We call upon all levels of government to provide annual reports or any current data requested by the National Council for Reconciliation so that it can report on the progress towards reconciliation. The reports or data would include, but not be limited to:
- The number of Aboriginal children—including Métis and Inuit children—in care, compared with non-Aboriginal children, the reasons for apprehension, and the total spending on preventive and care services by child-welfare agencies.
- Comparative funding for the education of First Nations children on and off reserves.
- Educational and income attainments of Aboriginal peoples in Canada compared with non-Aboriginal people.
- Progress on closing the gaps between Aboriginal and non-Aboriginal communities in a number of health indicators such as: infant mortality, maternal health, suicide, mental health, addictions, life expectancy, birth rates, infant and child health issues, chronic diseases, illness and injury incidence, and the availability of appropriate health services.
- Progress on eliminating the overrepresentation of Aboriginal children in youth custody over the next decade.
- Progress on reducing the rate of criminal victimization of Aboriginal people, including data related to homicide and family violence victimization and other crimes.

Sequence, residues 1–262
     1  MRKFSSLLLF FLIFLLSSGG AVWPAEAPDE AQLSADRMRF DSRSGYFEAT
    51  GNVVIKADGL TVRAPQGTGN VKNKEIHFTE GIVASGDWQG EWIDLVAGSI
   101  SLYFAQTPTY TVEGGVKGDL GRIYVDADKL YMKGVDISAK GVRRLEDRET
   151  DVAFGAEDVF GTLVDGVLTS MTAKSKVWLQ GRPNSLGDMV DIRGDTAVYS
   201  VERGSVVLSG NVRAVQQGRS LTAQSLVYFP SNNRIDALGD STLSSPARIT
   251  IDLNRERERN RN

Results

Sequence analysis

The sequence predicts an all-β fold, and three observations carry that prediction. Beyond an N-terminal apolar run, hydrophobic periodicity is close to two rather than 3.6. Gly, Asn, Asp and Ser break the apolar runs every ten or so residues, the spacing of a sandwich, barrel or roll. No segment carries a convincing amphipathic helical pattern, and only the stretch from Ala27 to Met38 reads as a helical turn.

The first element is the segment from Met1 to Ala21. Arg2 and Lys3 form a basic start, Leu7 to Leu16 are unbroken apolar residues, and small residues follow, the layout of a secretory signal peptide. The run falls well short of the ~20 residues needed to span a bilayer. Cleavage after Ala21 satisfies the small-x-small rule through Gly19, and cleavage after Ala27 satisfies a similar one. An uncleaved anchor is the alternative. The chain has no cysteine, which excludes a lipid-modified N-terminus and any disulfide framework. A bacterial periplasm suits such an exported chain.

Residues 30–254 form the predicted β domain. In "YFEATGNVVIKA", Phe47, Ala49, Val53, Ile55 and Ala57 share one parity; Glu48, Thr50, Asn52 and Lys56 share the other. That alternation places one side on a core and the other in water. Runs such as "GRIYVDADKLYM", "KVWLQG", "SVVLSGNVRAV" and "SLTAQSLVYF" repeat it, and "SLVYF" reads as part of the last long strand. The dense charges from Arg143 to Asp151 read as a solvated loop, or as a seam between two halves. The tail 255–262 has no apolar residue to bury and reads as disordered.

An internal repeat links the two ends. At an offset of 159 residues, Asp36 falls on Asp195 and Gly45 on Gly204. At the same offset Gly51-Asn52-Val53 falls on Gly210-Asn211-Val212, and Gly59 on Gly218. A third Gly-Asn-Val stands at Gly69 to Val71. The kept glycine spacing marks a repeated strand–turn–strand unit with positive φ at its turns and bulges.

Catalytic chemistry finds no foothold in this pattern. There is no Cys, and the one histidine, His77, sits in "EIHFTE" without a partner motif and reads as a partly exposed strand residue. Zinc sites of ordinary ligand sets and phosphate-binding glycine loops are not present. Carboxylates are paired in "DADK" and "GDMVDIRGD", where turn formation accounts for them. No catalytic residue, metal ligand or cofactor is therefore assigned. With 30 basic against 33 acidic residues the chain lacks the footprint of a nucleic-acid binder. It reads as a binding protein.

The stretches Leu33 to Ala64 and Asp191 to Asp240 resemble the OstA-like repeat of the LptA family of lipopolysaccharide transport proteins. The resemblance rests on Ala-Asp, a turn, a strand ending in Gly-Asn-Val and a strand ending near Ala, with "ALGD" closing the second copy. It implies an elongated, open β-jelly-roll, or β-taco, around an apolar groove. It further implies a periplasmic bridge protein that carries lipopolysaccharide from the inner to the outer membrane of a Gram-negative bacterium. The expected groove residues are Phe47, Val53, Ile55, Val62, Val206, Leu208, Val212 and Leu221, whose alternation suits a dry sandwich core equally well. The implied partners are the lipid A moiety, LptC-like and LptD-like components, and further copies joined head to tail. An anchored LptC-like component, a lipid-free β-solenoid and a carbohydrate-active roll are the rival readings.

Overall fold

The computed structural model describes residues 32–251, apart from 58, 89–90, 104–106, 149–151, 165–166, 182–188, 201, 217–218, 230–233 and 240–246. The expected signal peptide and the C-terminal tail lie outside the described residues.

- Progress on reducing overrepresentation of Aboriginal people in justice and correctional systems.
Why “Not Started”
Nov. 30, 2023: “Bill C-29, National Council for Reconciliation Act” passed third reading in the Senate as amended.
June 22, 2022 – “Bill C-29, National Council for Reconciliation Act” introduced in Parliament. The Bill would also lay the foundation to address Calls to Action 55 and 56.
The official government website “Delivering on the Truth and Reconciliation Commission Calls to Action” states:”The National Council for Reconciliation will be an independent, Indigenous-led, not-for-profit organization mandated to monitor and report on progress towards reconciliation and calls to action implementation. Once the National Council is formally established, reporting requirements for all levels of government will be developed and identified to demonstrate progress towards reconciliation.”
Official Government website: “Call to Action 55 is dependent on the full implementation of Calls to Action 53 and 54.
Interim Board appointed on Dec. 14, 2017 delivered their report to Minister Bennett on June, 12, 2018. The process for ongoing reporting from all jurisdictions – federal, provincial, territory – has not been defined nor have any timelines been established for process and protocols.
Globe and Mail – Later this year, a group of Indigenous and non-Indigenous academics hope to clear things up by releasing their first forecast of……
September 28, 2021
Social and Economic Inequality in Inuit Nunangat
Social and Economic Inequity in Inuit Nunangat
January 1, 1970